Dear Editor-It is about time the district do something about “DeLapp’s most significant observation was that the District operates more like a federation of individual schools than a unified district and that autonomy leads to inconsistencies and a lack of cohesion.” Each school in the district is run differently. Some principals require teachers to use the adopted instructional materials as well as require the teachers to stick to the districts suggested pacing plan while other principals don’t. This lack of cohesion allows for certain teachers to either teach the students at an accelerated pace while others don’t teach at all and make it up as they go. It was very clear to me that this was the case at our school this year with the two fifth grade teachers. Each class looked different. In one class, each child read the same book and discussed the literary elements while in the other class, they hardly read at all. In fact they spent over a month on pre-writing and poetry. The teacher didn’t focus on reading comprehension strategies or skills. As a teacher myself, in another district, we clearly stick to the pacing plan to ensure that we cover all of the key standards for California in a timely manner. We focus heavily on the comprehension skills and strategies with our students. The reason for the pacing is that if a child is to move from one school in our district to another the student won’t feel too lost because everyone is on the same page. One recommendation for the SMMUSD is that they implement the same practice and enforce it. This way each student is receiving the same quality education in each grade level. This will hopefully force the principals and teachers to collaborate and plan effective instruction based on standards and data from test scores. In addition this will eliminate teachers of the same grade level teaching drastically different topics that may not correspond to the state standards.Marie RobinsonSanta Monica, Ca* * * *Dear Editor,The critical issue before society regarding the homeless is Housing First or Safety First. Has government been way too focused on permanent housing and real estate acquisition? Or instead should we be providing safe shelter, sanitary conditions, storage and caseworker support for as many people as possible. On January 27, 2009 the City, according to its own self heralded homeless count, found 490 people sleeping on the ground. Now that the Winter Shelter is closed we have more people on the ground increasing the total to between 550-600.In stupefying contrast consider the recent opening of Step-Up on 5th, a new permanent housing facility for homeless people that sleeps 46 people in small 300 sq.ft. one room apartments. In the March 21 issue of the Santa Monica Daily Press writer Melody Hanatani says the total cost added up to an estimated $17 million dollars! Step-Up, a non-profit support access program with caseworkers for the homeless who admit to having mental problems, bought the land. The City chipped in $7.1 million dollars. Other financial players were the Bush appointed US Dept of Housing and Urban Development and the Annenberg and Ahmanson Foundations who provide tax deductions for wealthy donors. This sounds more like a real estate deal where the Foundations give tax deductions to their rich donors while government and the homeless agencies acquire major capital permanent assets on their books. For the last 8 years the George Bush government victimized government bureaucrats and their homeless support agencies by imposing a wasteful policy that has proven to be unwilling or incompetent to deal realistically with street homelessness. Remember “No Child Left Behind?”Safety First means the focus is on the number of people forced to sleep on the ground and what that percentage is of the total homeless population when considering any support programs. A Safety First model should provide safe private sleep, sanitary and storage facilities linked to caseworker support. For instance, in months we could literally be providing Safe Organized Overnight Shelter with Caseworker Support (SOOS) for all Santa Monica’s 550 homeless at just $2.5-2.9 million. This is only $4,600 per person vs. $370,000 per person at Step-Up on 5th. It would take 45 to 55 small shelter sites of 500-600 sq.ft. where the space is used at night only but can be used daily for other purposes. SOOS simply utilizes the Japanese style capsule hotel system adding security and caseworker oversight administered by the County Department of Mental Health, their caseworker agencies, and the Sheriffs Department. The huge cost of real estate oriented permanent housing policy boils down to trickle down housing for a very, very small priority homeless population. Last year OPCC, Santa Monica’s homeless access facility Samoshell reduced their beds by 40 from 110 beds to 70. This year Step-Up on 5th added back 46 beds for a net gain of 6 beds for $17 million dollars!Join Side By Side, a local homeless advocacy group of homeless and non-homeless people Tuesday May 5 on the lawn at City Hall at 6PM to demonstrate for safe shelter now.Shelter delayed is shelter denied! Let us pad the abyss our fellow citizens have fallen into with safe, economical, practical support. Where there is a will there is a way! Safe Organized Overnight Shelter with Caseworker Support is before its time but not before its need. For more information email me Randy Walburger at email@example.comRandy WalburgerS.H.E.L.T.E.R.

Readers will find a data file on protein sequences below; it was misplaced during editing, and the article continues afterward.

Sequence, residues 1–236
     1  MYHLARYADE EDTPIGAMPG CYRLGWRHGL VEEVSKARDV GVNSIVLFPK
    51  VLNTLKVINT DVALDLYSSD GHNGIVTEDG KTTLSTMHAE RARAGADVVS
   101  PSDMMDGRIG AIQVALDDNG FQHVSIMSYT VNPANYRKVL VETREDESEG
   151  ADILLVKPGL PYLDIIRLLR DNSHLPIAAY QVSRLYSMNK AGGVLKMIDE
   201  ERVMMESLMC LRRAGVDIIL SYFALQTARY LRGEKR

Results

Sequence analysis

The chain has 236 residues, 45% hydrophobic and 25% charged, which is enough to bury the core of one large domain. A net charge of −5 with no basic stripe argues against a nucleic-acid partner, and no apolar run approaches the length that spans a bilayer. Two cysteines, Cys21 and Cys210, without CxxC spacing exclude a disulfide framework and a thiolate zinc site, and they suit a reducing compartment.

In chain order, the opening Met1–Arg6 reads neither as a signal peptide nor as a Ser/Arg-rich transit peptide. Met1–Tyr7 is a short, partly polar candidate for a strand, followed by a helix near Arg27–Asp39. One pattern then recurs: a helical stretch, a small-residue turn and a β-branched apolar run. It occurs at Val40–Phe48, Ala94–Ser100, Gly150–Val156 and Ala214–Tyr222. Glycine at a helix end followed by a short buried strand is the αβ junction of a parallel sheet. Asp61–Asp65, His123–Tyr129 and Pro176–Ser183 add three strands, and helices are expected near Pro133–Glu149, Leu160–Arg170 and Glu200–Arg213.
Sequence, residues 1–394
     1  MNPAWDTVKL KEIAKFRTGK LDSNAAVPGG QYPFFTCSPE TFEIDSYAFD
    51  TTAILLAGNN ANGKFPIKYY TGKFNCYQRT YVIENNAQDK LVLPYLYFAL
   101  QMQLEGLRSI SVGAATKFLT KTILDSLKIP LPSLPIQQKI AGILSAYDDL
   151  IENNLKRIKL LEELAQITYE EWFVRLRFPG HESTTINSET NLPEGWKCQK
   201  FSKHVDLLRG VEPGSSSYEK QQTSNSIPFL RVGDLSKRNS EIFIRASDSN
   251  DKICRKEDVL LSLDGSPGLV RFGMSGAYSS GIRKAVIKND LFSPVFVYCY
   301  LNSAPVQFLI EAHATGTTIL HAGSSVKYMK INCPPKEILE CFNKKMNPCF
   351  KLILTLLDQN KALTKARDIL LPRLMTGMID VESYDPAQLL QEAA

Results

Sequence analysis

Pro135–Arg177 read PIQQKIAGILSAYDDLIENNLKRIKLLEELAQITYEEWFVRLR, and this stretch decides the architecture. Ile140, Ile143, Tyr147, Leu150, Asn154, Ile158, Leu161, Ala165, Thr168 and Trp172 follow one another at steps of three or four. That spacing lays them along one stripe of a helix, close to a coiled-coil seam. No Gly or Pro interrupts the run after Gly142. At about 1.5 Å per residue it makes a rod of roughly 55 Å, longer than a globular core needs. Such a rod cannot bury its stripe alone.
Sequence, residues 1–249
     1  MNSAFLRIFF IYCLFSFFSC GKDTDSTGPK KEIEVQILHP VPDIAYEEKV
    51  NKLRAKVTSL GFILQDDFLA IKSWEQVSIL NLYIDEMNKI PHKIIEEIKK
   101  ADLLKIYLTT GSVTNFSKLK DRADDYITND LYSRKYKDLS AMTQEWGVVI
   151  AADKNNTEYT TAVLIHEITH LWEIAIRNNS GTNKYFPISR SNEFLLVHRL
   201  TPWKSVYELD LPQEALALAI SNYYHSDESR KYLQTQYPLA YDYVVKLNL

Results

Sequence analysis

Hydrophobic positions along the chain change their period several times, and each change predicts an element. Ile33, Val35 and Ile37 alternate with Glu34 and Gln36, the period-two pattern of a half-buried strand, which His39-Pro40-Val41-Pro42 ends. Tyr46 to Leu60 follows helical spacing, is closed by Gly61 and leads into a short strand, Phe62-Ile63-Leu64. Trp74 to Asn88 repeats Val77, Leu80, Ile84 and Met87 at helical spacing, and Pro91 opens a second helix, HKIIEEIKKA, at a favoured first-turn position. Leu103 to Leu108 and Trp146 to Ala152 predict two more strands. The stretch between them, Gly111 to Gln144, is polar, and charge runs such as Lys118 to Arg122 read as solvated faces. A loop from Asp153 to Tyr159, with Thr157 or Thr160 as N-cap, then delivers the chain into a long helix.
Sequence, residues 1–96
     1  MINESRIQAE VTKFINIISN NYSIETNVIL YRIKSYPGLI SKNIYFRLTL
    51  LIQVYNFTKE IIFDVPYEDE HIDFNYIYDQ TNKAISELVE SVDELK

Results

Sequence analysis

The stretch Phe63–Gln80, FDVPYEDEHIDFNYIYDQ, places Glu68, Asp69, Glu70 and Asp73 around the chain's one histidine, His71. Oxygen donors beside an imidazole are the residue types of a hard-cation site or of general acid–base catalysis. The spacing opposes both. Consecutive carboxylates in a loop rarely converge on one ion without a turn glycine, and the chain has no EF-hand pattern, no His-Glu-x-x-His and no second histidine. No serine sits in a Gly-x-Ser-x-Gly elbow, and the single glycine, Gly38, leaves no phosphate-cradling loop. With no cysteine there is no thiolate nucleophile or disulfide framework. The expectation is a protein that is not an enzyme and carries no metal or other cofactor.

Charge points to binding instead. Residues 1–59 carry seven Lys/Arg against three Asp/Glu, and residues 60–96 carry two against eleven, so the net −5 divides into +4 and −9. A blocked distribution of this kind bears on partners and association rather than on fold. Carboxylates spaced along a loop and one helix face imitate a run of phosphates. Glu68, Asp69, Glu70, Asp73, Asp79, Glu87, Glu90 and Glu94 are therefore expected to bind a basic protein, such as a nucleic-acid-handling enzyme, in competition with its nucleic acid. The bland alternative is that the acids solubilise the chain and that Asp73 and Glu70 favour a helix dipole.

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Median rent of $2,258, according to recent report By Dolores Quintana The ongoing pandemic has exacerbated the issues of housing...Read more